1. What is the definition of motivation?
  2. What are the differences among motives, incentives, and goals?
  3. Does motivation consist of anticipating future events, future behaviors, and future feelings?
  4. How is motivation reflected in thinking and behaving?
  5. What is emotion? How does it motivate behavior?


Why did the chicken cross the road? This is a question about motivation. There are many possibilities. First, the chicken was simply motivated to achieve the goal of reaching the other side. Or the chicken was motivated to avoid remaining on the current side because of the approaching chef. The motivation may also have resided within the chicken. Maybe she was motivated to satisfy a psychological need , such as the need for closure. She needed a definite answer of what was on the other side. Another is the need for competence. I, a mere chicken, am as competent and capable as anyone in crossing the road. Perhaps the answer lies in the chicken's various personality traits . A chicken high in the trait of openness-to-experience, like her, would eagerly embrace the experience of being on the other side. Finally, the chicken may have been experiencing various emotions. She was afraid and the other side provided safety. Or the current side was disgusting and the other side was not. Also, the chickens on the other side appeared happier; so why not join them? And finally, maybe she was in love with the majestic rooster on the other side of the road?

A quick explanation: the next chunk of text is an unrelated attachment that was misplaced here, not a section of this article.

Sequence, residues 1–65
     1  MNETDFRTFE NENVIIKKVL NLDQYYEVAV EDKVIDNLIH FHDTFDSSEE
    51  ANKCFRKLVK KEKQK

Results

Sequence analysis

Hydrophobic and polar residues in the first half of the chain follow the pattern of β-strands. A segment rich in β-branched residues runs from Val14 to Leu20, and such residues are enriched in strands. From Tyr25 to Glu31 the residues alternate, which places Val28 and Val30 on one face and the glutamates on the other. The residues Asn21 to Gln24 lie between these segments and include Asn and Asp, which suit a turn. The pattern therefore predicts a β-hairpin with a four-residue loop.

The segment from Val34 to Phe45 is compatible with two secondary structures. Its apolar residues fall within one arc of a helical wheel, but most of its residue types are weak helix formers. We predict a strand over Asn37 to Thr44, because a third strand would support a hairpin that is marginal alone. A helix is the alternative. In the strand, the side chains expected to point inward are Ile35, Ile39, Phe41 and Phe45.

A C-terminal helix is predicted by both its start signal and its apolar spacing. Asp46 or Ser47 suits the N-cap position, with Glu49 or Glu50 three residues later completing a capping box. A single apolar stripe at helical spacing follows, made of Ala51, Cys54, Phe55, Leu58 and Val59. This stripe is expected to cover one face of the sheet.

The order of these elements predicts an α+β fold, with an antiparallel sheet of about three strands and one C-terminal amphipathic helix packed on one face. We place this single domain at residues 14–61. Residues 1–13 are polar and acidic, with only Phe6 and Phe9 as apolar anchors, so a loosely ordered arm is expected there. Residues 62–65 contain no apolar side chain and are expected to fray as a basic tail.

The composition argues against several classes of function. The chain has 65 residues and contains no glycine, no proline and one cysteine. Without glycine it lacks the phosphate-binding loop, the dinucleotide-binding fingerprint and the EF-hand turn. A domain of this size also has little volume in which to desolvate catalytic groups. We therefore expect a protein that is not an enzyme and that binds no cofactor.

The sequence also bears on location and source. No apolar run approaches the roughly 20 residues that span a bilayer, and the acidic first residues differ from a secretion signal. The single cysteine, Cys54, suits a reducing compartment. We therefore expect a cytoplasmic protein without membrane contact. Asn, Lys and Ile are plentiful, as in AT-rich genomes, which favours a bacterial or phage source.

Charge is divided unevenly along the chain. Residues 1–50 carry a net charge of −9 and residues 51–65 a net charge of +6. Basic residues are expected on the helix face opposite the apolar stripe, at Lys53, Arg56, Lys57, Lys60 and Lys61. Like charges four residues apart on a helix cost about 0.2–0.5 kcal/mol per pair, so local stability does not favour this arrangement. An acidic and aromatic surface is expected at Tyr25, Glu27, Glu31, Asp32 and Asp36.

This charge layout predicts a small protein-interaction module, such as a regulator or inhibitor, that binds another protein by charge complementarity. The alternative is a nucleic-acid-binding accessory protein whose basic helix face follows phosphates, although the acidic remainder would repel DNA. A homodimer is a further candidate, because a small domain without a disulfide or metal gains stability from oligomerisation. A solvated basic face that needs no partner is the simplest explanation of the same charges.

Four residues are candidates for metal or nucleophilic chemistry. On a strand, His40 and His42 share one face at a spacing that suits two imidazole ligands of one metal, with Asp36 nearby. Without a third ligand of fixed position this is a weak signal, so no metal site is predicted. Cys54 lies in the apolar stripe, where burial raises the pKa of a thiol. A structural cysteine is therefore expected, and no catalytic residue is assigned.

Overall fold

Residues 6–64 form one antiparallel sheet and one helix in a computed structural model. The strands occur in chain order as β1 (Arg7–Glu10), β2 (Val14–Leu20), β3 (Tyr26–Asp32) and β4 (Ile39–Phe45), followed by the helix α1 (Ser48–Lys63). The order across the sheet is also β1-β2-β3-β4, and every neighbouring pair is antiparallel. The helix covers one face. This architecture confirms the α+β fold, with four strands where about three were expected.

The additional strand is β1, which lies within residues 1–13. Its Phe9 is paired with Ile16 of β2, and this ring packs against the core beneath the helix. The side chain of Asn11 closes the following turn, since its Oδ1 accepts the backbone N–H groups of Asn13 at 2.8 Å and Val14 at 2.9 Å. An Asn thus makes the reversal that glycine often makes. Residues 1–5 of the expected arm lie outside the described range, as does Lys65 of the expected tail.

These questions about what motivated the chicken serve as an introduction to the complexities of human motivation. The chicken's motivation and behavior were simple. In contrast, human behavior is vastly more complex, as are the sources of motivation. Reaching the other side of the road is like end-states in human motivation. End-states resemble the aim or purpose of motivation like attaining incentives, achieving goals, or satisfying needs. Where does the motivation to reach these end-states reside? Does it reside outside the person in the environment or does it reside within the person as needs, traits, or motives? Read further to find the answers.

To Be Moved into Action

Consider the implication for motivation of the following statements:
  • Hunger drives a person to raid the refrigerator for food.